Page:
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State’s Rent Relief Program Is Off to a Slow Start

State’s Rent Relief Program Is Off to a Slow Start
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State’s Rent Relief Program Is Off to a Slow Start

State’s Rent Relief Program Is Off to a Slow Start

Weather situation: The clouds dissipate in the afternoon. High around 90.

Parking on the alternative side: Valid until August 15 (Feast of the Assumption).


When New York State created a rent relief program to help tenants struggling with the pandemic, it set aside about $ 2.7 billion to give to households that fell behind.

But after nearly two months, the money is slow to reach those who need it. Federal data shows New York was one of the slowest states to distribute aid.

At the end of June, New York was one of only two states where no aid had been sent – and the state’s moratorium on evictions is set to expire in late August.

Many tenant advocates believe the program will ultimately prove to be crucial, although some groups say the application process is too complex.

[Read more about the sluggish start for New York’s rent relief effort.]

The state rental assistance program application process is primarily online. Housing groups claim the website was hampered by technical glitches and tenants encountered errors which in some cases wiped out entire apps.

Tenants and landlords have to fill out forms and submit documents, but they said uploading the required information is cumbersome. The process is also very time consuming because the system has no way to save and restart an app.

Tenant advocates are also concerned that the system will be elusive for residents of low-income neighborhoods with poor internet access, homes where English is not the primary language, and people who do not have it easily. access to laptops or smartphones. Many of these groups may be the most at risk of deportation.

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State officials said 160,000 applications were submitted last week and technical issues were being addressed as they arose. Officials also said they were prioritizing requests from the most needy tenants.

Under the program, tenants who submit a completed application will be protected from eviction, even if their case is being processed and assistance has not been distributed.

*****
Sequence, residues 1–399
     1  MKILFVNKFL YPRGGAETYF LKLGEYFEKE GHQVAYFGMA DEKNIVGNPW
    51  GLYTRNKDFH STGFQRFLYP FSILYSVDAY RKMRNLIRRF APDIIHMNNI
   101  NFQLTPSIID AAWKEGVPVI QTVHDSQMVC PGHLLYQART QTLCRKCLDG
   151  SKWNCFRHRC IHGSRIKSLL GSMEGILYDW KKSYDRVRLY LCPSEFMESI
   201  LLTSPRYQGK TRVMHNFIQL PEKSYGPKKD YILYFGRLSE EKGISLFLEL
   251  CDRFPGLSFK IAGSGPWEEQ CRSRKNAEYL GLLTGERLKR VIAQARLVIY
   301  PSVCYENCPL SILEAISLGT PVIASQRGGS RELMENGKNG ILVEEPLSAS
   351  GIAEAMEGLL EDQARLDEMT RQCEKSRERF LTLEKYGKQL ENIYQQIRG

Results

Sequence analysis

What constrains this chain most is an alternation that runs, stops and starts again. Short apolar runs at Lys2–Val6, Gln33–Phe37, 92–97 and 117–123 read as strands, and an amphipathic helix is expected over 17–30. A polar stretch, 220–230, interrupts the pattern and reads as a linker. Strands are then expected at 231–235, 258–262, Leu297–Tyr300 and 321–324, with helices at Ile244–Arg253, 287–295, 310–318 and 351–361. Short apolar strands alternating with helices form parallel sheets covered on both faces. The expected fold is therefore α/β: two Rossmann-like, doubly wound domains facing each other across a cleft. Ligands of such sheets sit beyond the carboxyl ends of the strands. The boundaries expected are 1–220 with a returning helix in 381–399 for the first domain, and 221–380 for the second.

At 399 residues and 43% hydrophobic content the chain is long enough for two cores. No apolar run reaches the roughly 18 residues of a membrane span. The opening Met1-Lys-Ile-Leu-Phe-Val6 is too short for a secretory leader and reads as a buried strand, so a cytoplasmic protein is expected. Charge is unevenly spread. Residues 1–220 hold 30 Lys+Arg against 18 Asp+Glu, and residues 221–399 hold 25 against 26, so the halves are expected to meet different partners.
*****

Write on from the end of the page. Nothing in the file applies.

Officials said they started handing out a small sum – $ 117,000 – this month to test the payment system and that more funds should be sent.

Yet the need in New York City, which has more tenants than any other state, is huge, and it’s unclear how many tenants will actually benefit from the program.



Vincent M. Mallozzi of The Times writes:

Tali Agai and her fiance, Kyle Eisenman, were among the couples eagerly awaiting the doors of the Manhattan Marriage Bureau to open at 8:45 a.m. on Friday. The couple, who met on dating site Tinder seven years ago, have had to change their marriage plans twice because of the coronavirus.

“We are more than ready to get married,” said Mr. Eisenman, 34. He and Ms Agai, 35, had planned to celebrate their union at the Prospect Park Boathouse in Brooklyn this weekend.

Due to the pandemic, the Manhattan Marriage Bureau closed in March 2020. Workers there developed a virtual system for issuing marriage licenses and another system for virtual marriages, which New York authorized to do. April 2020 to June 2021.

But on Friday, the office reopened for the first time in 15 months, amid excitement from couples waiting to be married in person and officials accompanying couples through the process.

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Yet, day-to-day affairs in person at the Manhattan Marriage Bureau are now different. Couples can get married, but weddings cannot accompany them to civil ceremonies.

“It’s hard to accept, but a lot has changed, and there’s a really good reason why,” said Michael McSweeney, the city clerk.

It’s Monday – spread the love.


Dear Diary:

On a trip to New York City, I convinced my wife, Linda, to join me on a baseball pilgrimage: a walk to where the marble Ebbets Field once stood.

After taking the subway to Prospect Park, we made our way to Sullivan Place and the large apartment complex where the Dodgers baseball stadium was located.

We spotted Jackie Robinson Park down the road, but couldn’t find a sign for the old home plate house.

Suddenly we heard a loud voice screaming from a distance.

“Are you looking for marble? “

We looked up at the entrance to the building and saw a security guard with a big smile.

Linda and I looked at each other and laughed.

“Yes,” we shouted back.

“Follow me,” she said, waving us up the stairs.

Soon we follow her along a walkway and down a flight of stairs to the parking lot at the back of the complex.

“I have people like you who come here all the time looking for a marble,” she said as we came to the end of our impromptu tour.

– There, she said. “You can take your photos now. “

We thanked her and took some pictures.

She turned and walked away as my wife and I looked at the plaque: “Site of Ebbets Field Home Plate.” Home of the Brooklyn Dodgers 1913-1957. There, on April 15, 1947, Jack Roosevelt Robinson joined Major League Baseball.

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-Gary Poignant

Illustrated by Agnès Lee. Read more about the metropolitan agenda here.


New York Today is published on weekdays around 6 a.m. register here to receive it by email. You can also find it on nytoday.com.

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